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So you’ve just graduated VFS and landed your first job in the industry.  All those late nights and hard work has finally paid off and you’re set to enjoy your first pay check doing the job you love.  Time to cruise along and work 9-5 right?

The answer to this is yes and no.  Yes, because you’ve earned it and deserve a bit of a break after an intense year of school.  But after you have settled in your job, I would say no to cruise control.  Just because you’ve finished school and earning a paycheck now, your education should not stop there.

The games industry is a very creative field and we as designers are creative.  We have to keep creating to keep our minds at ease; to have that outlet after work hours.  Not to mention the fact that technology keeps changing constantly.  New tools and techniques are continuously being developed to enable us to build our imaginary worlds quicker and more efficiently.

Unfortunately when you are in the midst of crunch in a studio environment, there may be long periods of time where you are stuck using the same tools over and over, only to find at the end of the project a whole suite of new dev tools have come out which you’ve never heard of.  You could dismiss them and keep with your old ways, or you can spend some time after work hours to do research and potentially learn the new software.

Sure this takes time and effort after work hours, but we work in an industry where studios are hiring people with skills in cutting edge technology.  This will keep you competitive in the job market when the time comes to renew that contract.

I always recommend graduates keep working on levels at home even after they have gotten their jobs.  This is a great way to keep your portfolio updated, as well as giving yourself a way to be creative building something that is personal to you.  We’ve all been there, after a day of work the last thing you want to do is sit back on the computer.  The process will take much longer when you are working full-time, but bit by bit, even an hour or two a week over the course of several months will yield something that is portfolio worthy.  Hopefully during this time you can learn some new tech along the way to help you build with the most current tools and workflows.

So don’t know how to use Zbrush? Never heard of nDo2 or dDo?  Have you used xNormal?  When was the last time you touched that level editor?  It might be time to get out of the comfort zone of 9-5 and be proactive, pick up some new skills and create your next masterpiece!


Victor Kam is a Level Design Instructor at VFS Game Design

Level Up: Planning the Vista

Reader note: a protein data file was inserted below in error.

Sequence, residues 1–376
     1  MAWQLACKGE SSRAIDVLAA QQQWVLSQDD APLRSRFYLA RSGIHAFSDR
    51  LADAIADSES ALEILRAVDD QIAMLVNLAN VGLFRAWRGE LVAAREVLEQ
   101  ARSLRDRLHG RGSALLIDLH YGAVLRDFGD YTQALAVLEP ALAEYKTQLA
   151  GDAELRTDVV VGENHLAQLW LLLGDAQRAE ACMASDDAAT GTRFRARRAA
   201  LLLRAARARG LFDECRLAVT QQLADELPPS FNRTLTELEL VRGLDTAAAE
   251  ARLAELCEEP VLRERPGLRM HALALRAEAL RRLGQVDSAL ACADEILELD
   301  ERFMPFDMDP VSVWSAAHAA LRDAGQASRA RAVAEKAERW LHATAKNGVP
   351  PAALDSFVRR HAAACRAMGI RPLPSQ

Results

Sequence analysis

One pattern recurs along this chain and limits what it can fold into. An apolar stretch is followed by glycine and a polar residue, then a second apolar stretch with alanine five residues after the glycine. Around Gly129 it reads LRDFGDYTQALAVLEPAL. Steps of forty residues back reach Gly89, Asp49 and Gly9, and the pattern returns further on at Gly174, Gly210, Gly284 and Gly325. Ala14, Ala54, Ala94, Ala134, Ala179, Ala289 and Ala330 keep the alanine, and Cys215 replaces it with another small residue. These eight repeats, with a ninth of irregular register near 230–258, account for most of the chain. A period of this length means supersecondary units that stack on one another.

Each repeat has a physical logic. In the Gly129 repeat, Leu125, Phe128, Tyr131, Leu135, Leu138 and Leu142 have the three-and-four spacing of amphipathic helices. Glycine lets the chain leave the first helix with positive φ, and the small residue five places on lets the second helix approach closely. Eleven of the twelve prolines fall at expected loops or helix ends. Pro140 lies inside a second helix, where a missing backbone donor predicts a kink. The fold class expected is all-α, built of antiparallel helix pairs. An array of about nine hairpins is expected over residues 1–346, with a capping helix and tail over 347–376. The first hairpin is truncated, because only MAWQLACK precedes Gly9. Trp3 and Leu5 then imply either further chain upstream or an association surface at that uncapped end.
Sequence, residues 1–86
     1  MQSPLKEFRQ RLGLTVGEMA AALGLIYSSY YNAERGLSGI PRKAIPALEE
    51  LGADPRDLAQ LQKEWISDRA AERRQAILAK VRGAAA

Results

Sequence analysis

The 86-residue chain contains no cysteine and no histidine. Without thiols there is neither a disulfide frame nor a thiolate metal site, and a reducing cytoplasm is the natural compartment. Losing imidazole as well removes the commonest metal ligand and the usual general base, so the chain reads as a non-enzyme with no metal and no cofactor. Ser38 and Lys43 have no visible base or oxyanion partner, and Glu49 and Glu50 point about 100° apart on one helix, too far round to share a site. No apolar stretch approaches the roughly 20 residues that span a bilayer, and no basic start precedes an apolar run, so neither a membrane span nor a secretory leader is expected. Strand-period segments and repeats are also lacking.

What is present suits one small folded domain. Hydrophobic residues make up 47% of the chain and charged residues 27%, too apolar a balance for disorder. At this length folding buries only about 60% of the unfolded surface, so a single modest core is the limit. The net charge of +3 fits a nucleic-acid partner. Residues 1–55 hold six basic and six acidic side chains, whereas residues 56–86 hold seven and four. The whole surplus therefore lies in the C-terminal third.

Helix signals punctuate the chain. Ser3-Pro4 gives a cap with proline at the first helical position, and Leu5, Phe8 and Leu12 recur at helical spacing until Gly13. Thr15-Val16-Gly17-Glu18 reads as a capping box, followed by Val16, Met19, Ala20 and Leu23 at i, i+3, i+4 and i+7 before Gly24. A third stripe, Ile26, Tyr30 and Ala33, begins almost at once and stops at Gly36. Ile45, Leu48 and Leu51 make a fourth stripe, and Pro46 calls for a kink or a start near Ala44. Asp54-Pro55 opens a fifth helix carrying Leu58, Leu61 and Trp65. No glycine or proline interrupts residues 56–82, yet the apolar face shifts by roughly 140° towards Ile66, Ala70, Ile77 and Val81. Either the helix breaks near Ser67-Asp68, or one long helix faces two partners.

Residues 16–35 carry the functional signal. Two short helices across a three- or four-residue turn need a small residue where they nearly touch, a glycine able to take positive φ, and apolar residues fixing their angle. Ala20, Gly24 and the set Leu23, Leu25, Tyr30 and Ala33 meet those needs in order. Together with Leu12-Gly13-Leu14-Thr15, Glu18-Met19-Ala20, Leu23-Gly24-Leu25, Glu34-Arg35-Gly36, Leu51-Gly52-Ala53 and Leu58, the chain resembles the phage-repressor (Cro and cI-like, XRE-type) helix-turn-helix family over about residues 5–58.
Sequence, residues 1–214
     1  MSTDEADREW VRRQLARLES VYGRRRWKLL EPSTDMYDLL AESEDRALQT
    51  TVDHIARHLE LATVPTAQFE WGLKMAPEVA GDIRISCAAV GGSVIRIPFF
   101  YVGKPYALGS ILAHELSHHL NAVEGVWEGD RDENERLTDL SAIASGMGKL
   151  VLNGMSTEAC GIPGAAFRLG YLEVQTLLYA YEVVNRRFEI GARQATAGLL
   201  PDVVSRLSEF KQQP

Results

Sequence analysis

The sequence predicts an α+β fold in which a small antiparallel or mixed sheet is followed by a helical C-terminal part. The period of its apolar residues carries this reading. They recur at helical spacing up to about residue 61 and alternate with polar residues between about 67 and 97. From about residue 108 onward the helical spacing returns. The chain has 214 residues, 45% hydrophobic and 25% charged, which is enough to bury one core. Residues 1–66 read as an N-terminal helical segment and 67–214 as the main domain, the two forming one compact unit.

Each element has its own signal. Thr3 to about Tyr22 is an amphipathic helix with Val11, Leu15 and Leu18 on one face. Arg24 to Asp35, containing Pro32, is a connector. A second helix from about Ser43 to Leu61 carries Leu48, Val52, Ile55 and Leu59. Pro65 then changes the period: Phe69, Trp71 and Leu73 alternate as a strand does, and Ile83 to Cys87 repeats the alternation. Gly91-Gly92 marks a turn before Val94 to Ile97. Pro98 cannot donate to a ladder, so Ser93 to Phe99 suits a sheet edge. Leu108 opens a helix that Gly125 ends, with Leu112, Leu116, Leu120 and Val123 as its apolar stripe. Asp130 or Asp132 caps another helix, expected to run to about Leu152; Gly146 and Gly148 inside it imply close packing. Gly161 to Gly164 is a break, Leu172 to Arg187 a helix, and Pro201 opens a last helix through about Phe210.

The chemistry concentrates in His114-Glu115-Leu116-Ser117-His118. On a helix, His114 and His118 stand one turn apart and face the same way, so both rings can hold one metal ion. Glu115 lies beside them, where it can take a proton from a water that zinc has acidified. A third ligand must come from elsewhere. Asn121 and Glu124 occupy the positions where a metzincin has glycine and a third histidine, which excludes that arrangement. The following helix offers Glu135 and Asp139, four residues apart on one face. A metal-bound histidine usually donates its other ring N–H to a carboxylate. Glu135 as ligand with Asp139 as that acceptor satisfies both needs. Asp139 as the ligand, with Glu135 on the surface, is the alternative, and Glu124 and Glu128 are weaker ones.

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When planning any level out, we usually think of pacing out our gameplay moments and intensity over time.  While both are vital, we can also do the same by pacing our scenery.

What I mean by this is creating visual contrast in the space outside of the gameplay area, so let’s focus on creating the vista point in our level and see what we can do to maximize it’s impact.  Keep in mind, any time you do the same thing over and over it will lose its effectiveness over time.  So we have to create this contrast, or in this case, a narrow space going to a vista back to a narrow space.

Uncharted is great example of this, here we see Drake standing admiring the view which is quite breathtaking to look at.  For the most part of the level you are traversing in a forest with no clear sightlines, and then as you turn the corner you get treated to this great shot of the world only to return back within the trees.

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Level Up: Flat is boring!

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As the title suggests, flat is booooring!  A game level with little to no elevation will bore the player as the constant threat is completely visible;  the player always knows what’s coming ahead of them.  So what we need to do is add slight undulations in our paths to create tension and reveals in our levels.

In this day in age we have superb game engines and level editors that let us develop 3d worlds at the touch of our finger tips.  It would be a shame to not take advantage of this.  I remember making maps for Doom and Duke Nukem 3D, it was nearly impossible to create overhangs and vertical gameplay due to the technical limitations.

Let’s take a look at our first example, oh the dreaded UDK hallway.  Being a player, traversing through this area requires you to press the “forward” button to get through.  This is fine, especially if it’s in a downbeat in our game level and we just want the player to absorb their surroundings after an intense battle.  But we can make this calm section much more interesting, not by changing what the player is doing on their controller, but by creating the illusion that the player is doing “something” in a flat travel section.

This is done here by adding a ramp up or down.  Keep in mind that all the player is doing is still pressing the “forward” button on the controller.

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Level Up: Showcasing your UDK maps

Well it’s that time of the year, you’re done presenting on industry night and finished classes.  What a perfect time to dust off the ol’ UDK maps and start screen grabbing those hard worked on levels for your portfolio!

When it comes to in game shots, presentation and quality matters.  Surely we can go into fullscreen mode, hit PrintScreen and paste directly into Photoshop.  But let’s make the most of our game engine and get a beauty shot that captures your hard work without the loss of detail.

Here’s how we do it in UDK:

Step 1: Get into the level

Jump into your level like you normally would through the editor.

Step 2: Bring up the console

Bring up the console (press Tab).